Presiding over the six-man US delegation to the committee was anti-Zionist judge Joseph C. Hutcheson. The remaining four members – Dr. Frank Ayelotte, a Quaker and Anglophile; Frank W. Burton, a journalist; William Phillips, a diplomat; and Bartley C. Crum, a lawyer and devoted Catholic – were hardly more sympathetic. McDonald soon found out that the American members had to investigate the situation, while their British colleagues received their instructions from London and were expected to look after their imperial interests only.
Four prominent American scholars joined forces to introduce, edit, explain and publish every single item of McDonald’s diary: Norman J.W. Goda, professor of Holocaust studies at the University of Florida; Barbara McDonald Stewart, Mc- Donald’s daughter and author of US Government Policy on Refugees from Nazism, 1933-1940; Severin Hochberg, a historian at the US Center for Advanced Holocaust Studies; and Richard Breitman, professor of history at American University and author of FDR and the Jews.
They introduce us to the history of Palestine from the Balfour Declaration up to 1946. The committee’s hearings and the diary started in Washington on December 13, 1945. There were 37 witnesses, who first submitted a written statement of their views and who included the who’s-who of both the sworn enemies of Zionism and its most dedicated supporters. The committee’s unanimous report was published in Lausanne, Switzerland, on April 22, 1946.
Editors’ comments and explanations follow each of McDonald’s daily notes, completing the picture. The witnesses included politicians, scholars, clergy, soldiers and generals, past and present high commissioners – all of them distinguished figures in their time. All of the Arabs, except for the Lebanese Maronites, had rejected Zionism; the inspiring addresses of Chaim Weizmann, Albert Einstein and David Ben-Gurion belong to history.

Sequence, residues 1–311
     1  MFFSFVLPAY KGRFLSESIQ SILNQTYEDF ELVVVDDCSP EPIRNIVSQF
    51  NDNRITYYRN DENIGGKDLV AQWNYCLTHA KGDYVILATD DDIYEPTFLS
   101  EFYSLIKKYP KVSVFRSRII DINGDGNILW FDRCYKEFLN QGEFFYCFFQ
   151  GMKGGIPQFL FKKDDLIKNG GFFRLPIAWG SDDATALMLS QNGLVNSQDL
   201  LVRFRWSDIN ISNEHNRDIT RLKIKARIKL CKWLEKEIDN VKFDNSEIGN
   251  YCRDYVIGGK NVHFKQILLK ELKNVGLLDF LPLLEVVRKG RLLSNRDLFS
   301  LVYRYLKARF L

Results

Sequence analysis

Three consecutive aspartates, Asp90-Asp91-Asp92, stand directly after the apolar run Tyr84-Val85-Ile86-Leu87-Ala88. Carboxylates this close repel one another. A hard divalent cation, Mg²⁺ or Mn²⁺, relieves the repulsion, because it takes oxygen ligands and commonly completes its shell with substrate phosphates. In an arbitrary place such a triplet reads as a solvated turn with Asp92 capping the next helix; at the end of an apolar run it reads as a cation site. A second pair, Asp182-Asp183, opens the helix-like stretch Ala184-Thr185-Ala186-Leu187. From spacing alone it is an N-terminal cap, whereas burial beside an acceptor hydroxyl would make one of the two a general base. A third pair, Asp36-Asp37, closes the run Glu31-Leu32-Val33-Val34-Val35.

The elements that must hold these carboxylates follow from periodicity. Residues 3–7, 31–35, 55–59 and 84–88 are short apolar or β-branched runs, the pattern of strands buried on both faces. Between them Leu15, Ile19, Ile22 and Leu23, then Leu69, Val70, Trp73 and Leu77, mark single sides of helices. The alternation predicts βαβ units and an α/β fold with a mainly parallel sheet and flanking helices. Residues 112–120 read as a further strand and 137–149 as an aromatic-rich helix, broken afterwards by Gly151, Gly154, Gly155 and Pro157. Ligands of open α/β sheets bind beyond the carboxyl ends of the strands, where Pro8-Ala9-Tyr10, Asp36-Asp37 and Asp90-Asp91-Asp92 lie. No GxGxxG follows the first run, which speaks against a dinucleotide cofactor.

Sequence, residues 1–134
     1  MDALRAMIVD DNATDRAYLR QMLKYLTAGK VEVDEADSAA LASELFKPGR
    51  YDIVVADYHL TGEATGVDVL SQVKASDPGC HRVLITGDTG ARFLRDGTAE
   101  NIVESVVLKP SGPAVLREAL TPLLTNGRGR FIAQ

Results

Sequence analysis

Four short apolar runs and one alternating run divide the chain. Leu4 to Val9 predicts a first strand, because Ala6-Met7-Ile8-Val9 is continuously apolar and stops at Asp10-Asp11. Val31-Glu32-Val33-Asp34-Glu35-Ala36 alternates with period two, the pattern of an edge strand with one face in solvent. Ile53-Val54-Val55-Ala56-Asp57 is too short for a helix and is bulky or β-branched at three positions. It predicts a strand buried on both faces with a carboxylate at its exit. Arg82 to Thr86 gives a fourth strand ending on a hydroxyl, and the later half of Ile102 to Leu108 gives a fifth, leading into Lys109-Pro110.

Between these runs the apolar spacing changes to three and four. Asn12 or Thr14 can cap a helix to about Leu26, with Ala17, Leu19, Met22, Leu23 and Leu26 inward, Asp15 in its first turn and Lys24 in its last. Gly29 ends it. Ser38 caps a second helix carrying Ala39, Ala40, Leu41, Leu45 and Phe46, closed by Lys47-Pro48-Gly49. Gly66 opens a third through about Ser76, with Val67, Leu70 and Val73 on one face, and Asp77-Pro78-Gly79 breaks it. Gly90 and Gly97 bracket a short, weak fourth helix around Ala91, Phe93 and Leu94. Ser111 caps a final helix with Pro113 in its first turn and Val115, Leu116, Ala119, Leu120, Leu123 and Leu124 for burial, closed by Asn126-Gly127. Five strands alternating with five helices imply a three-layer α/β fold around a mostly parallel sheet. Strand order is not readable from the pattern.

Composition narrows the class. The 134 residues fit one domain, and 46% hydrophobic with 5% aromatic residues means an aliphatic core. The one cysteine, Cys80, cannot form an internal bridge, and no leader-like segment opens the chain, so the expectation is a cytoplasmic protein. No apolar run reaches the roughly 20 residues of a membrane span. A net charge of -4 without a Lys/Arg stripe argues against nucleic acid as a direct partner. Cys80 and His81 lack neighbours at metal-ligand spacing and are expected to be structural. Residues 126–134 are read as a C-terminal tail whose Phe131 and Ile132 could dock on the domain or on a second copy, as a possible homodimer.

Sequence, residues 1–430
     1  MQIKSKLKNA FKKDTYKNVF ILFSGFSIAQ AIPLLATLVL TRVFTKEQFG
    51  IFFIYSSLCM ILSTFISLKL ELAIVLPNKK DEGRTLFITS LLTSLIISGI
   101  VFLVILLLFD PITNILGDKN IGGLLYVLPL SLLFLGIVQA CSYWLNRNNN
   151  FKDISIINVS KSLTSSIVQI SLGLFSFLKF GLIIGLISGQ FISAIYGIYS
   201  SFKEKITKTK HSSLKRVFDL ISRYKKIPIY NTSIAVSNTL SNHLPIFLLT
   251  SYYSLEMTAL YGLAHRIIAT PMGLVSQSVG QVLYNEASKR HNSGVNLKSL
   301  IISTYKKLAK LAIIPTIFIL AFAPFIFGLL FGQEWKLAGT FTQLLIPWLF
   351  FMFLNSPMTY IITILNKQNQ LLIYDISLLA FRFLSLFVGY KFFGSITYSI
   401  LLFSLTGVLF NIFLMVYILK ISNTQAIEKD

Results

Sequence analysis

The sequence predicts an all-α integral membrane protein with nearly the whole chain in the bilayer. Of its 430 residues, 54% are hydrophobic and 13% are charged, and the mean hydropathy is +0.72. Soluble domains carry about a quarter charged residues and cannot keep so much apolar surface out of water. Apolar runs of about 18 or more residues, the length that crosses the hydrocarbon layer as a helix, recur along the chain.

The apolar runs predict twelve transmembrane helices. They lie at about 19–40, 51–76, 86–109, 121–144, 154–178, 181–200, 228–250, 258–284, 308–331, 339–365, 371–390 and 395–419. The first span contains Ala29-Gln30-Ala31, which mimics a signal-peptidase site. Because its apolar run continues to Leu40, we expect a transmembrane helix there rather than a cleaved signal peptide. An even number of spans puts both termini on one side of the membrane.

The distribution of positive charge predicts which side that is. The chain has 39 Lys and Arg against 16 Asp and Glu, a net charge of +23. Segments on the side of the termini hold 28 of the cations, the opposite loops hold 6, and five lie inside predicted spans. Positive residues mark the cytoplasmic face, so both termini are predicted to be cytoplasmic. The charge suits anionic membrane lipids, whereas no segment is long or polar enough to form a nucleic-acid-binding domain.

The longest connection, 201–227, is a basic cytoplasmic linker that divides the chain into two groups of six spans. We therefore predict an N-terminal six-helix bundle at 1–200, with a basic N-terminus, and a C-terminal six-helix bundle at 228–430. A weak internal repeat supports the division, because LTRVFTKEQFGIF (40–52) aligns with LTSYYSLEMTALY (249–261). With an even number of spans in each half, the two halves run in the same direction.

McDonald, who met privately with halutzim (Zionist pioneers) and fellahin, churchmen and rabbis, wrote down his own comments and observations. In Lausanne, he stood fast against 11 of his colleagues and ultimately won the battle: The committee recommended unanimously that 100,000 Jewish refugees be immediately admitted into Palestine – a demand Bevin promptly turned down, breaking his promise that he would honor whatever was approved unanimously, and demanding that Jews ought to disarm first.
Within a few months, Bevin and US State Department official Henry Grady had cooked up a new joint British-American program, the Grady-Morrison “communal” plan for Palestine. It was again McDonald who, after two hours of tough discussions, succeeded in persuading Truman to recall Grady and cancel this project, to the great disappointment of the British.
Finally, on May 13, 1947, the UN created the Special Committee on Palestine (UNSCOP) to study the problem anew. This led to the UN’s crucial November 29, 1947, vote on the partition of Palestine.
McDonald’s fascinating diary – which includes a visit to the Nuremberg Court, where the top Nazis were tried – offers scores of fascinating, long-forgotten episodes.
In one instance, he freed Palestine Post Beirut correspondent Yehuda Hellman from a Lebanese jail and brought him in his car to Jerusalem. The diary offers a rare picture of the workings of the world’s diplomacy, revealing many secrets of the US State Department, the British Foreign Office, and the last days of the Mandatory Government of Palestine. While it is true that the committee failed in its ultimate purpose, it was a stepping stone on the hard road to Israel’s ultimate independence.